- We should blame non-agriculture (industry and services) for not absorbing workers from agriculture.
Three Goals of Agricultural Development
- 1.Achieve 4% growth in agriculture and raise incomes. Increasing productivity (land, labor), diversification to high value agri. and rural non-farm by maintaining food security.
- 2.Second goal is sharing growth (equity): focus on small and marginal farmers, lagging regions, women etc. On lagging regions, focus on Eastern India and other rainfed areas.
- 3. Third is to maintain sustainability of agri. by focusing on environmental concerns.
Deficits in Agriculture Growth
- Six deficits in agriculture
- :(a) land and water management deficit
- (b) investment, credit and Infrastructure deficit,
- (c) research and extension (technology) deficit,
- (d)market deficit,
- (e) institutions deficit,
- (f) education/skill deficit
Rural non-farm sector
- Poverty can not be removed with 55% of workers in agri. Need to promote rural non-farm sector.
- India currently produces about 50 million tonnes of fruits and 90 million tonnes of vegetables. Only 2% of these are processed as against 23% in China, 78% in Phillippines, 83% in Malaysia.
- Half of those engaged in agriculture are still illiterate and just 5% have completed higher secondary educ.
- Even in 2004-05, around 60% of rural male workers and 85% of rural female workers are either illiterate or educated upto primary level.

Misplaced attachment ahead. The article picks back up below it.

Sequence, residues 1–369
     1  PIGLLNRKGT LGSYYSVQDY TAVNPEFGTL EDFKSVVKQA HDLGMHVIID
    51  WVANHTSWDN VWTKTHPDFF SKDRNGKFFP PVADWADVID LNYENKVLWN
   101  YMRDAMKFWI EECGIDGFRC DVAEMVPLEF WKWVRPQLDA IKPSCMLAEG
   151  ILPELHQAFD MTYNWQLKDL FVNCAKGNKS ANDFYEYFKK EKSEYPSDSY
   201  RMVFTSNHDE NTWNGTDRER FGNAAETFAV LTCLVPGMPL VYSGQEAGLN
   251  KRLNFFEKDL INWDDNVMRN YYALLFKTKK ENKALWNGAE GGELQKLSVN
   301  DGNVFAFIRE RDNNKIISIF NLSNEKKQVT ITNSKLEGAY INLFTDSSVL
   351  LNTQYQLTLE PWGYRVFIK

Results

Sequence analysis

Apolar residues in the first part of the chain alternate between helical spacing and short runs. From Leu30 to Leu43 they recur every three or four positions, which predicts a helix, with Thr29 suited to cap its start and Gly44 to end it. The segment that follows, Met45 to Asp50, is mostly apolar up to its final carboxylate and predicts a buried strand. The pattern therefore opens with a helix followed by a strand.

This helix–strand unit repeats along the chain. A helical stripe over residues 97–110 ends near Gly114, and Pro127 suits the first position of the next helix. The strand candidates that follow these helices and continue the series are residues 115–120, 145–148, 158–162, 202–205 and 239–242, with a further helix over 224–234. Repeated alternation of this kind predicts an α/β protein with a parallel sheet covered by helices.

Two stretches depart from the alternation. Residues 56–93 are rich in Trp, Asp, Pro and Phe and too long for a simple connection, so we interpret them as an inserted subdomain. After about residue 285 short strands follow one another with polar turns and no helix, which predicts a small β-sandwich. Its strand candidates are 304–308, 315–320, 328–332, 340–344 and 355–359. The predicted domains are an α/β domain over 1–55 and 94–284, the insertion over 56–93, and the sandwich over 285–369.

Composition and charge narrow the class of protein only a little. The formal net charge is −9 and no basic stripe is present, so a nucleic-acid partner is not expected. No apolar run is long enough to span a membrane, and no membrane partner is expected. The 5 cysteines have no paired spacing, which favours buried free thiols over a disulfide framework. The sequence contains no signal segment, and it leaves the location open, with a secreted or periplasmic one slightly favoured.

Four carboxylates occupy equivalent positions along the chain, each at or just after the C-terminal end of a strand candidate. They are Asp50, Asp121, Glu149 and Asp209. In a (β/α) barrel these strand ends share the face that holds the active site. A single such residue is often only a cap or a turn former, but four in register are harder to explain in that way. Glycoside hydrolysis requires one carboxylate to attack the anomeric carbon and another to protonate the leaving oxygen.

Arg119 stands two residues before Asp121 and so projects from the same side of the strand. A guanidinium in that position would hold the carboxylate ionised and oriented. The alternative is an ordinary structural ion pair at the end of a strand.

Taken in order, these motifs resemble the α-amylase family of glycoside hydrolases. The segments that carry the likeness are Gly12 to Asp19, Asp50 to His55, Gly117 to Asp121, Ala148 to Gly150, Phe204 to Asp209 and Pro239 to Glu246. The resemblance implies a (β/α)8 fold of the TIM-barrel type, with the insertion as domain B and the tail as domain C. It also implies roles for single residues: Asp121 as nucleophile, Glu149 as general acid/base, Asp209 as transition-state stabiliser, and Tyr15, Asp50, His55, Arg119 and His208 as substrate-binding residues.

- In other words, education and skills are constraints
Lessons from China
- India leap frogged from agriculture to services with less focus on manufacturing.
- The share of employment in manufacturing in Malaysia is 50%, in Korea 62%, in China 31%. On the other hand, the share of employment in manufacturing in India is only 12%
- Diversification towards rural non-form sector in China is one of the important factors responsible for rural poverty reduction (poverty 3%).
- This was partly due to high agricultural productivity and investment in physical and human capital.
- In social sector, significant achievements in education and health
- However, Human development index rank is 127 out of 170 countries.
- Social indicators are much lower for Scheduled castes and Scheduled tribes
- Malnutrition among children is one major problem (46% of children suffer from malnutrition
Six problems in Social Sector: education and health
- There have been significant achievements but there are problems
- Low levels of social indicators
- Slow progress
- Significant regional, social and gender disparities
- Low level and slow growth in public expenditures particularly on health
- Poor quality delivery systems